It once was a proud and prosperous part of the Soviet Union’s robust uranium-mining industry. But today, residents of northern Kazakhstan’s Saumalkol call their home a ghost town.
Mining stopped here in 1998. Struggling to find alternative work in the area, much of the estimated population of 15,000 drifted away. Today, only a few thousand remain – mostly “[o]ld people,” commented 85-year-old retired miner Petr Petrov, who came to Saumalkol (then called Volodarskoye) during the boom years of the 1980s.
In those days, as for other closed sites connected with the Soviet nuclear industry, working in Saumalkol was a privilege. The jobs came with higher salaries, better consumer services, various discounts, and official respect.
Plus, monitoring of radiation levels. Locals claim that specialists no longer measure radiation in the area. Townspeople blame the radiation for deaths from cancer, but, even so, appear to take the potential risk in stride. Abandoned buildings have been taken apart for construction materials and scrap metal without a second thought.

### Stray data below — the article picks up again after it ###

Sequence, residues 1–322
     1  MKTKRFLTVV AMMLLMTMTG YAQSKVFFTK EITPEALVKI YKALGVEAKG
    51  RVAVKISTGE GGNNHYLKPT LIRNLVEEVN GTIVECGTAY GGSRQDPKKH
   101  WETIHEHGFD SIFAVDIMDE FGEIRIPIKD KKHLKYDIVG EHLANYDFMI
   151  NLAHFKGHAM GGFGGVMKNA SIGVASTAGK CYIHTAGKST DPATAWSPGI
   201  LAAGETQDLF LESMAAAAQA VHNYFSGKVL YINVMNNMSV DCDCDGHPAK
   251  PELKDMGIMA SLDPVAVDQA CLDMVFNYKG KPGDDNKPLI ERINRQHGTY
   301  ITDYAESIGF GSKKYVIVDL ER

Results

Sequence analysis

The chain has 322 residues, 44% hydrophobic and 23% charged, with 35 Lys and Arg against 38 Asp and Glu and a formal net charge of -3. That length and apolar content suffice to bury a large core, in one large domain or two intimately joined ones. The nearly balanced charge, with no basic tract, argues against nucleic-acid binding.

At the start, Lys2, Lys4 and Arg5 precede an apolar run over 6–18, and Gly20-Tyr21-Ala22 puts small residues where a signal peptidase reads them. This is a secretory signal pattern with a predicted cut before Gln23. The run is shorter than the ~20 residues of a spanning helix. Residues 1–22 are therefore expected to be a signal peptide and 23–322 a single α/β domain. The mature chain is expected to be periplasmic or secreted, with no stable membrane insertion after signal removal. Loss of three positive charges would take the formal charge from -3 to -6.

“We’ve gotten used to radiation,” said Vladimir, a taxi driver. “We don’t know what the level is. No one even bothers with it. The authorities don’t measure it. No one is required to do that.”
In 2018, the North Kazakhstan Oblast Department of Ecology found that radiation from the sealed Grachevskoye mine, close to Saumalkol, exceeded the norm by one and a half times, the department’s deputy director, Azamat Bektasov, told Astana TV. Though the department submitted their findings to local officials, no response came, he alleged.
Based on data from 2018, Kazakhstan, the site of the Soviet Union’s first atomic bomb blast in 1949, ranked as the world’s biggest uranium producer, with 41 percent of the global supply of 53, 498 metric tons, according to the World Nuclear Association, an international nuclear-industry organization.